By Lawrence Lefcort
This past fall I had the great privilege to travel to Kyoto, Japan, to complete my teacher training in Tao Shiatsu Therapy, a healing modality based on ancient Buddhist practices from as far back as the 10th century AD.
I had never been to Japan before. During my travels to south and Southeast Asia in my twenties, I never once had the urge to visit Japan; it seemed too controlled, too inflexible, too cold and too expensive. I am glad I waited. Back then I don’t think I could have truly appreciated all the wondrous spiritual beauty Japan has to offer.
The glorious tradition of Buddhism in Japan traces its roots back to India in the 2nd century AD. Since that time, the teachings have been meticulously and diligently passed down from master to student, many of whom often risked life and limb, to spread the teachings across East Asia. You can feel their presence pulsating everywhere in this isolated mountain-island kingdom.
The Japanese honour the shichi kōsō (七高僧), seven Pure Land masters who lived between 150 – 1212 AD in India, China, and Japan. Each one added their own essence to the teachings and transformed them to be fresh, dynamic, and relevant to the people of their time.
Part of my teacher training involved a 3-day meditative chanting retreat, at the 400-year old Amida Temple, high up in the mountains of Nagano province. We chanted for 10-12 hours a day (sixty of us in total), with time passing by almost effortlessly.
The temple was originally built in 1595, as a sanctuary dedicated to continuous Nembutsu chanting, a practice that can heal deep wounds in the subconscious of both living and spiritual existences. Since then, the temple has housed many renowned monks, including the great Nembutsu master Bennei, who lived during the 19th century.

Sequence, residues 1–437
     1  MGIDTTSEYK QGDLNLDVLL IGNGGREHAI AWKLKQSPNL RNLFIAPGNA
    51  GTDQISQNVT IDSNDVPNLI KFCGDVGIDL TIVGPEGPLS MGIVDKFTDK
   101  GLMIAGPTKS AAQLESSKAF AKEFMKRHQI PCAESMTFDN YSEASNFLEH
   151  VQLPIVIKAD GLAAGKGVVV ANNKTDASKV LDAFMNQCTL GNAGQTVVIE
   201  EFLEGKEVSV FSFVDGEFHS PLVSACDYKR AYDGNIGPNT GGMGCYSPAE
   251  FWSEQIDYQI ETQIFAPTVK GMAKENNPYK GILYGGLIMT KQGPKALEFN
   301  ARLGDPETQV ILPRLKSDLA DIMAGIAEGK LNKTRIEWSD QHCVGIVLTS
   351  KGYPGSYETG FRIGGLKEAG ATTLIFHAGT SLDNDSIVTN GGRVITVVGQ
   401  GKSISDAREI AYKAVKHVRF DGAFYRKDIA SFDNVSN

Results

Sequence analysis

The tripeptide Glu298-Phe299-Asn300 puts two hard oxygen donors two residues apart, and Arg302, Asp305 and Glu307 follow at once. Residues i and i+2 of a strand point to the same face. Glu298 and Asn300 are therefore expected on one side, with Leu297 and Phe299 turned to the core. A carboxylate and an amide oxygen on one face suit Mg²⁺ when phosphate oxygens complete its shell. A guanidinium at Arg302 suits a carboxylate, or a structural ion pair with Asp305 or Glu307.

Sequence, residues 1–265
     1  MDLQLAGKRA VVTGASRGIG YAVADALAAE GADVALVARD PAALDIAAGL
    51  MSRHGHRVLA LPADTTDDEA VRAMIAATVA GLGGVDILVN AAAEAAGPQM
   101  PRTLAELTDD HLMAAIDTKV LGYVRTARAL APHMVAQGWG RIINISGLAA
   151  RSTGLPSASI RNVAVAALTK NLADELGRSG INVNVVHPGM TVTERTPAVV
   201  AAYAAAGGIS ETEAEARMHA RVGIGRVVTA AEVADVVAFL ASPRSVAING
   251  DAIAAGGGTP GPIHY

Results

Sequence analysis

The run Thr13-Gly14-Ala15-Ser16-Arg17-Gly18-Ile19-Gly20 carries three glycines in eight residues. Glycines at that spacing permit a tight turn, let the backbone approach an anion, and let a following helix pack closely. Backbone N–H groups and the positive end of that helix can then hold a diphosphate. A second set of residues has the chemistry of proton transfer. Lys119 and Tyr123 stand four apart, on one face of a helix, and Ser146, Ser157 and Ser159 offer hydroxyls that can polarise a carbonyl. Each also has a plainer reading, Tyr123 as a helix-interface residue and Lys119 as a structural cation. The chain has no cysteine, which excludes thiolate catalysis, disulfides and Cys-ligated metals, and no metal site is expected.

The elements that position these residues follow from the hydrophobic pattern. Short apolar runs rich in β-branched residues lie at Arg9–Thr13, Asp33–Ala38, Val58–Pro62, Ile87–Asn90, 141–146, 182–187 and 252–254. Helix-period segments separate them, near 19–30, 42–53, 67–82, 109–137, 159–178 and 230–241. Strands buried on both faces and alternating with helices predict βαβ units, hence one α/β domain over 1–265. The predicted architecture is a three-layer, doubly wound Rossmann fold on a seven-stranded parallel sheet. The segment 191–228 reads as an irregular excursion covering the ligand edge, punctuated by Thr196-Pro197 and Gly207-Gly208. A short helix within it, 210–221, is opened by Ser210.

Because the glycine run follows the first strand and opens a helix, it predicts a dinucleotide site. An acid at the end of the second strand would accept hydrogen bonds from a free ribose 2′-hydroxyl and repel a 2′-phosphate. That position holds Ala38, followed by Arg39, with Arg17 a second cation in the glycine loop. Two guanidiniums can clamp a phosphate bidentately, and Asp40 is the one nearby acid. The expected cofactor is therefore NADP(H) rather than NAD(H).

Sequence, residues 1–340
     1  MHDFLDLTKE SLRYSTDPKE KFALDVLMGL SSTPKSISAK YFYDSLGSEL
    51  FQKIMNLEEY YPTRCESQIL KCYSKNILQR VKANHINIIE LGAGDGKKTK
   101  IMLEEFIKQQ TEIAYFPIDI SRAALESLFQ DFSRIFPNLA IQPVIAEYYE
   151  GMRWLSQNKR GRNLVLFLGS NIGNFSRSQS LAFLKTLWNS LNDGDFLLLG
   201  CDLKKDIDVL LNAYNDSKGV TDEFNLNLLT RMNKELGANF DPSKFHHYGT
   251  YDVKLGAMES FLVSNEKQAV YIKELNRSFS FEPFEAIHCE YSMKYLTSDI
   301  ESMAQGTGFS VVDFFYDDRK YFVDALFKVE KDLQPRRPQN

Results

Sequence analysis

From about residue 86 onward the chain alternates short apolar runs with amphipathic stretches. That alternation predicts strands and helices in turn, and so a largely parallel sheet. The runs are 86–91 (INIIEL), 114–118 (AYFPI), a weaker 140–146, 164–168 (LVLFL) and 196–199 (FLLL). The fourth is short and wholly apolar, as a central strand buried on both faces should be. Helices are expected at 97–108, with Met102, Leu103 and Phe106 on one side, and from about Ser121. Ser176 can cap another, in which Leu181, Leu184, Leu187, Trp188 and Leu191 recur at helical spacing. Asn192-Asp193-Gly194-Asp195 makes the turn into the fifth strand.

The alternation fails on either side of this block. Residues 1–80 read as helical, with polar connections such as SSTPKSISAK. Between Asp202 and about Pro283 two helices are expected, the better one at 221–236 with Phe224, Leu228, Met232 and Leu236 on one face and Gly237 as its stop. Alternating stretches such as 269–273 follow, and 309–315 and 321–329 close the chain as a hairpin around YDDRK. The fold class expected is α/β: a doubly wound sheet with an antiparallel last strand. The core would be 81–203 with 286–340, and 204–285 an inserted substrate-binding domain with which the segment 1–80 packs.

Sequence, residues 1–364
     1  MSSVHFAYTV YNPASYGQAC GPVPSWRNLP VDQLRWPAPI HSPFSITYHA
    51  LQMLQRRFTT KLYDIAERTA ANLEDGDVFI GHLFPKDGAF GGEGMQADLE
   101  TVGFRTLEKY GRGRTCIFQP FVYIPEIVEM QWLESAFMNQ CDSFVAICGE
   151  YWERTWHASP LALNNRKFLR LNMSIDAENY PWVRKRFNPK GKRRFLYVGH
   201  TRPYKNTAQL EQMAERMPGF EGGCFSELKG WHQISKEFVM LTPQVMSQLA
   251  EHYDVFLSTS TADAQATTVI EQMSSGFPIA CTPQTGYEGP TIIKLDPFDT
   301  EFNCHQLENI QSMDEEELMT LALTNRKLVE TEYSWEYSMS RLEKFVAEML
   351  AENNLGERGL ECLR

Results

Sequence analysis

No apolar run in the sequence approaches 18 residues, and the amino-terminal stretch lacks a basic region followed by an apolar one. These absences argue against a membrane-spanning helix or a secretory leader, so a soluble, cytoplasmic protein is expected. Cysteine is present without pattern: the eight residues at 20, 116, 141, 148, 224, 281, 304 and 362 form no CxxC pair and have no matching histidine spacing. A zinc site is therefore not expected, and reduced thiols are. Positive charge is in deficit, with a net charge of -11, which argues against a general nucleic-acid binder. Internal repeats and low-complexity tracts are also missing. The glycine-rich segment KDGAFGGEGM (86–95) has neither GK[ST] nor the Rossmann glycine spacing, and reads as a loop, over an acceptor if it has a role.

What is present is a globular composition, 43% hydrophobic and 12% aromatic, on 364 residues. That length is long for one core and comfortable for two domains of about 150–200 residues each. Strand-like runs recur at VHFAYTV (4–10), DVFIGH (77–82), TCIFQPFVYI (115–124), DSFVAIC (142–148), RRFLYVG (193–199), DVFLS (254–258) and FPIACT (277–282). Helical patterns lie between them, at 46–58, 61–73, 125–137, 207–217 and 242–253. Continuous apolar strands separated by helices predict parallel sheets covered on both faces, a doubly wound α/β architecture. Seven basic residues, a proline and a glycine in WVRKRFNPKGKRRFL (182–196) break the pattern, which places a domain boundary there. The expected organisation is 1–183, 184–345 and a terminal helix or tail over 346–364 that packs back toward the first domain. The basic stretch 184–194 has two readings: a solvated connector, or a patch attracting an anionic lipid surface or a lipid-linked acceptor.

Throughout my stay in Japan, my Japanese colleagues, many of whom I had never met, did all they could to ensure that we were comfortable and well cared for. They cooked the most amazing array of dishes almost nightly and cleaned tirelessly for us on a regular basis, demanding no recognition and without a word of complaint. We often had to push them out of the kitchen just to do a few dishes!
They worked harmoniously together, always with a smile, and displayed a level of care, respect and enjoyment of each other that is rarely witnessed in the West. I thought to myself: we have a lot to learn from these people! The Japanese take great care in everything they do: whether it’s cooking, gardening, cleaning, paving roads, drawing or painting — they have an immaculate and precise work ethic that is truly astounding.
Training to be a Tao Shiatsu therapist (and teacher) is a way of life. It’s about learning how to create a bright future, and developing the ability to increase our joy, our happiness, and our richness from moment to moment, with every breath. It illustrates that the source of existence is joy and that in the deepest part of our hearts, we are all unified with that joyous spirit. If we could teach this and only this to our children, and live it too, it would be the greatest gift to humanity, and to the sustaining of the planet.
I feel eternally grateful to my teachers Ryokyu and Mayu Endo for giving me the opportunity to come to Kyoto. These modern masters transmitted life-transforming teachings to me, with their only wish being that I learn to embody them in ever deepening ways, and spread them to as many others as possible. What a humbling realization!
If you’d like to experience the spiritual side of Kyoto please visit: http://taoshiatsutherapy.com/spiritual-journey-in-japan/, for information on this year’s Spiritual Journey to Japan, from April 9-16, 2017.